A research lab/office is conceived to stand in the heart of the printing company’s factory campus. A squarish plan was dictated by the existing buildings built around the site from different points in time, and the height of twenty-four metres was set according to statutory requirements. The resultant volume of the building is thus a nearly perfect square box with the lower three floors allocated to laboratories fitted with large machinery, and the upper three floors of research and management office.
Three strategies were employed architecturally to tweak the box—
1. a skin composed of four different shades of gray in glass and aluminium panels in the dimension of 800x3900 wraps around the whole building in the fashion of a sun-path diagram. The darker and lighter shades of grays are positioned to regulate views and natural light according to each facade’s orientation. The lower portion of the building, where the labs are located which require highly specific controlled indoor environment, has its façade pattern in the darker range of the grays integrated to the whole composition.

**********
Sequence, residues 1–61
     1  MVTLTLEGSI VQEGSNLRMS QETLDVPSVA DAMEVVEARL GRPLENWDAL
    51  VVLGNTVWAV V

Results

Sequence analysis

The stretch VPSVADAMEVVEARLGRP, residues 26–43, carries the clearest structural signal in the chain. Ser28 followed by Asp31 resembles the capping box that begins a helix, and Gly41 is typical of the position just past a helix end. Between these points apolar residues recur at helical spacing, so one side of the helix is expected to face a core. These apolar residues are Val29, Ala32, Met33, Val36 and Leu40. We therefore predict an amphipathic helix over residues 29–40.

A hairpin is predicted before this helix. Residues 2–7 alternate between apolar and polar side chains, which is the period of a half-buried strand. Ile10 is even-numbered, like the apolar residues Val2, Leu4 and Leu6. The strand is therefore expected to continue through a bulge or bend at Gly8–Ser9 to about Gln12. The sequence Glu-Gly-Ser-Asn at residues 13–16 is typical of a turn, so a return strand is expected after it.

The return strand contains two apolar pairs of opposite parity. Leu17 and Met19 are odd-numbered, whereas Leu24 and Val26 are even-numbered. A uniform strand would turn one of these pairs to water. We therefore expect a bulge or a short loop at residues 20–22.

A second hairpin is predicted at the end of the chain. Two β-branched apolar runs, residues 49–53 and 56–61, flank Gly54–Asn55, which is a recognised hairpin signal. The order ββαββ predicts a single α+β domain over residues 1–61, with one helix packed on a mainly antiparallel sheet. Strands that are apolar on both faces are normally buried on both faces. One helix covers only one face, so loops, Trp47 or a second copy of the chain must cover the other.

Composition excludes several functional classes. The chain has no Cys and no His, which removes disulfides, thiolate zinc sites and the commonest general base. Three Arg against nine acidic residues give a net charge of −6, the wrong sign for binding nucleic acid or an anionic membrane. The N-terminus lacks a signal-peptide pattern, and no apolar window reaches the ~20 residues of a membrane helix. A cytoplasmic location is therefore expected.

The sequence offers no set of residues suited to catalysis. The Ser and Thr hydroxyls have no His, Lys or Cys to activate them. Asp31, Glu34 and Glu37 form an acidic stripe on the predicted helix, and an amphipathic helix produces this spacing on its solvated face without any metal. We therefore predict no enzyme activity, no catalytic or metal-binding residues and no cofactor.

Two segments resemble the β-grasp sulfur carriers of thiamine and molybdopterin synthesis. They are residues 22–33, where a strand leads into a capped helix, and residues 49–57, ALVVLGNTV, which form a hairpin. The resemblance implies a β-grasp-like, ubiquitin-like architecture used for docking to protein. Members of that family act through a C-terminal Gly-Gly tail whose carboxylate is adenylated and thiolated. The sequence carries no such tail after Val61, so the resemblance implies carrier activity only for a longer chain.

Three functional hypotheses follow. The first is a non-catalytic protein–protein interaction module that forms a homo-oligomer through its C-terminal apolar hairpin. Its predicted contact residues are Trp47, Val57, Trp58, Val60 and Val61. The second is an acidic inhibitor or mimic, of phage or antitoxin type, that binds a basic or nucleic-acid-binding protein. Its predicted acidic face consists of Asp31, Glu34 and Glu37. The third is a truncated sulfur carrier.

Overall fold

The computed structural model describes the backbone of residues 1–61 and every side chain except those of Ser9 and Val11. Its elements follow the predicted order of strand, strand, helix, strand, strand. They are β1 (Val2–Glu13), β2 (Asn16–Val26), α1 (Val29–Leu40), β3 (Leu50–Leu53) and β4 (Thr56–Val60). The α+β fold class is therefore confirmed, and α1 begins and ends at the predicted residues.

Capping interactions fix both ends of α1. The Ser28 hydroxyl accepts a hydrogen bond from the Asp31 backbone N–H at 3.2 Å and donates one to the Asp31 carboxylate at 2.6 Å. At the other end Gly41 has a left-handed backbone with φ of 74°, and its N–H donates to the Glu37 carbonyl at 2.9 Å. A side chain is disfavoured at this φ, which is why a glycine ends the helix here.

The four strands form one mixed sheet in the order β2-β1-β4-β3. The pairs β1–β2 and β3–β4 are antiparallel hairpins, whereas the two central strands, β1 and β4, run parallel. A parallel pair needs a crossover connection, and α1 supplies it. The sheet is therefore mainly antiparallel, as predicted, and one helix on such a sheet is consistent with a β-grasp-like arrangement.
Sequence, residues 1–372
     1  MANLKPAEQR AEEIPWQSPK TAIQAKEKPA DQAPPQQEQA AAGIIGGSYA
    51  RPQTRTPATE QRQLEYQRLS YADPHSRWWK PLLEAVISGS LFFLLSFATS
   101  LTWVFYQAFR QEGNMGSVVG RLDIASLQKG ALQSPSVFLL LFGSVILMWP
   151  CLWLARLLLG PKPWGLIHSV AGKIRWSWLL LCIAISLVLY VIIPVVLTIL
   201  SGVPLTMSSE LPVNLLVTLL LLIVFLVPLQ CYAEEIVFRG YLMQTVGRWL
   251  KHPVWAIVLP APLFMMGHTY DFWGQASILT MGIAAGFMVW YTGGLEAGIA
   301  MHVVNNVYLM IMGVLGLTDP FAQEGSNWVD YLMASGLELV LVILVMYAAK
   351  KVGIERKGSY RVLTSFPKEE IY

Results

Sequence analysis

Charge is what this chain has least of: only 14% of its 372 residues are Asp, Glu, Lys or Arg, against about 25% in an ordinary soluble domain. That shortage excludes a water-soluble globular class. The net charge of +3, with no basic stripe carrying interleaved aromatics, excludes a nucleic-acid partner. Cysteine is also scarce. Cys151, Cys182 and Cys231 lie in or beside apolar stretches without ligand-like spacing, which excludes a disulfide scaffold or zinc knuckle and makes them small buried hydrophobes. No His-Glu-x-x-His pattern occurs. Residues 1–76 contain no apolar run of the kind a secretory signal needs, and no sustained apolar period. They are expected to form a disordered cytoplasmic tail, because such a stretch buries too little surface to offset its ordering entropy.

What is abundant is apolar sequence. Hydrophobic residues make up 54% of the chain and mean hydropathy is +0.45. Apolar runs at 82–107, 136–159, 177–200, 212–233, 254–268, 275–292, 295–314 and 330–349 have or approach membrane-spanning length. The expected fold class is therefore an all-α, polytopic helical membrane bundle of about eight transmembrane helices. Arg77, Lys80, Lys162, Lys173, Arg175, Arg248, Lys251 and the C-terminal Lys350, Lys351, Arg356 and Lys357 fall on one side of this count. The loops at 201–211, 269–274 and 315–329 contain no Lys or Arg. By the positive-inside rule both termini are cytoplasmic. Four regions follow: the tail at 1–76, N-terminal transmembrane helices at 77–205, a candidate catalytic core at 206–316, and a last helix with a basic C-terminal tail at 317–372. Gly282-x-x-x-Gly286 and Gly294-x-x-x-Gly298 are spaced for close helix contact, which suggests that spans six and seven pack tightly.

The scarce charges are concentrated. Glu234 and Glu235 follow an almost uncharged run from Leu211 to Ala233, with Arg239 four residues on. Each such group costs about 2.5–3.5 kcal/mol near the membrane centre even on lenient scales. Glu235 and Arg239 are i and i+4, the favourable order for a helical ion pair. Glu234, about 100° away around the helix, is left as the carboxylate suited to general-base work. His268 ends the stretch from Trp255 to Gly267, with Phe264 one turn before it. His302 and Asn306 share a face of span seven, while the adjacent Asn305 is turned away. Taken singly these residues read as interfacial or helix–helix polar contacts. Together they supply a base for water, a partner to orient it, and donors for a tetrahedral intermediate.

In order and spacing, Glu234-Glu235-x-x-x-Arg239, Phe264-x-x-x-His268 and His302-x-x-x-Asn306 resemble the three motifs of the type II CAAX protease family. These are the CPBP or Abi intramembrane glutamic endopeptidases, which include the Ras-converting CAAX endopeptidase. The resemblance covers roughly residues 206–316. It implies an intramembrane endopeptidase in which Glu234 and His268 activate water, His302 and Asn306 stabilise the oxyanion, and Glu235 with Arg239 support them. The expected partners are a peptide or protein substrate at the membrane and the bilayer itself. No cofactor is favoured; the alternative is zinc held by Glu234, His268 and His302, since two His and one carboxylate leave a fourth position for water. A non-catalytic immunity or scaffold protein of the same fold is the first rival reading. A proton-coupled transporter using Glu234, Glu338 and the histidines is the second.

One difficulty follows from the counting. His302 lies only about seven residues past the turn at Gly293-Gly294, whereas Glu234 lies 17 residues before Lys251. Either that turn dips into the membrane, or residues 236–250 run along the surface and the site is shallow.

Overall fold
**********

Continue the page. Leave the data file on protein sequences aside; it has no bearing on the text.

2. just thirty metres shy of the busy waterway to the building’s north, the ‘box’ jugs out in its mid-section to accommodate the views to the sky, the panoramic distant view, and the river itself. This gesture also generates a front section that houses the public functions of the building with the main entrance situated below.
3. a void punched through the upper three floors of office spaces is placed at the centre of the building through to the roof. This vertical shaft allows daylight to penetrate through to this portion of the building where natural light is scarce because of the deep plan, and it also allows the staffs to interact more easily between the three office floors and the roof terrace, an essential provision for a building that emphasizes on exchanges, innovation, and sharing of ideas.